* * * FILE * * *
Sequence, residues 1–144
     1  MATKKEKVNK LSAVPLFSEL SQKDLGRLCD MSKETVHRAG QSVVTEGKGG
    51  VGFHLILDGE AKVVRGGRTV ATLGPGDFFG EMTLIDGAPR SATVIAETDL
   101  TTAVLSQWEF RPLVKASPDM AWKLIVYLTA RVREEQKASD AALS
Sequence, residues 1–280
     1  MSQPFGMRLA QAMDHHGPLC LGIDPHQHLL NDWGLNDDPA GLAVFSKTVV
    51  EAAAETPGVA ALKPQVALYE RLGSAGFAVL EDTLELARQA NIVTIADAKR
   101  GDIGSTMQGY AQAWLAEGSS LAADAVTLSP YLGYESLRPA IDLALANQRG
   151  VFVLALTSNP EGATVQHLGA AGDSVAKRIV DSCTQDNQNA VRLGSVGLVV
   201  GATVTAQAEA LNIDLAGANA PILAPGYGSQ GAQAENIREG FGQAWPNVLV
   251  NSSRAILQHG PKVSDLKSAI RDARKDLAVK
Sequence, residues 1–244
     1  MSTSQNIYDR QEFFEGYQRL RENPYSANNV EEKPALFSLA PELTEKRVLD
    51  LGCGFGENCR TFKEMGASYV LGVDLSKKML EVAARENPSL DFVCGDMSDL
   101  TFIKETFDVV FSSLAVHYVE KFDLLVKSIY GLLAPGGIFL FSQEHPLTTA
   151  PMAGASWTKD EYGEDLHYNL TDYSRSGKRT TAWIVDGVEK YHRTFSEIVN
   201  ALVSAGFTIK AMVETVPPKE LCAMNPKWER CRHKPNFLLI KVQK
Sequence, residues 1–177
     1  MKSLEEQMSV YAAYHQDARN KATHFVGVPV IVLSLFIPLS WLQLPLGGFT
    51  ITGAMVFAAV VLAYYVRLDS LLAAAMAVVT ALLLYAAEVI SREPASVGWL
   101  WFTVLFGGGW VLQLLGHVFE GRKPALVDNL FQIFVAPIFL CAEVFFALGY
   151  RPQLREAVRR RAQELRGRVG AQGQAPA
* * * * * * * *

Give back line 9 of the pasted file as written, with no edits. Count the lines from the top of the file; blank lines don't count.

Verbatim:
   151  VFVLALTSNP EGATVQHLGA AGDSVAKRIV DSCTQDNQNA VRLGSVGLVV